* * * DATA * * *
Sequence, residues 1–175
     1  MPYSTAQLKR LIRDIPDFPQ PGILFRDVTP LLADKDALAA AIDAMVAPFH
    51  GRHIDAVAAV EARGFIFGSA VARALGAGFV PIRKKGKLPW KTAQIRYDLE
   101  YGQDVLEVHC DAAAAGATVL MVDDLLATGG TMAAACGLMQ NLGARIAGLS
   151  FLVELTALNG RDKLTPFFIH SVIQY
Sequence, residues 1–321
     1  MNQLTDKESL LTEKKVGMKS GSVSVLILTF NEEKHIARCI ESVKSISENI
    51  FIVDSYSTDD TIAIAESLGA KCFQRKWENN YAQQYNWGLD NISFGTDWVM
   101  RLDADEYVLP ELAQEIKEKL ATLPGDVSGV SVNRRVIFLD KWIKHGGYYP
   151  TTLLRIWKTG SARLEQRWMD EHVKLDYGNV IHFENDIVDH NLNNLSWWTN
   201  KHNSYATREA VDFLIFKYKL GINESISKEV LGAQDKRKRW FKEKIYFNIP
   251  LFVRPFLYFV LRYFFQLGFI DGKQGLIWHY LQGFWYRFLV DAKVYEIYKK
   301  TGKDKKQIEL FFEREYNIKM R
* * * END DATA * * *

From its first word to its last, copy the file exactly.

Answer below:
Sequence, residues 1–175
     1  MPYSTAQLKR LIRDIPDFPQ PGILFRDVTP LLADKDALAA AIDAMVAPFH
    51  GRHIDAVAAV EARGFIFGSA VARALGAGFV PIRKKGKLPW KTAQIRYDLE
   101  YGQDVLEVHC DAAAAGATVL MVDDLLATGG TMAAACGLMQ NLGARIAGLS
   151  FLVELTALNG RDKLTPFFIH SVIQY
Sequence, residues 1–321
     1  MNQLTDKESL LTEKKVGMKS GSVSVLILTF NEEKHIARCI ESVKSISENI
    51  FIVDSYSTDD TIAIAESLGA KCFQRKWENN YAQQYNWGLD NISFGTDWVM
   101  RLDADEYVLP ELAQEIKEKL ATLPGDVSGV SVNRRVIFLD KWIKHGGYYP
   151  TTLLRIWKTG SARLEQRWMD EHVKLDYGNV IHFENDIVDH NLNNLSWWTN
   201  KHNSYATREA VDFLIFKYKL GINESISKEV LGAQDKRKRW FKEKIYFNIP
   251  LFVRPFLYFV LRYFFQLGFI DGKQGLIWHY LQGFWYRFLV DAKVYEIYKK
   301  TGKDKKQIEL FFEREYNIKM R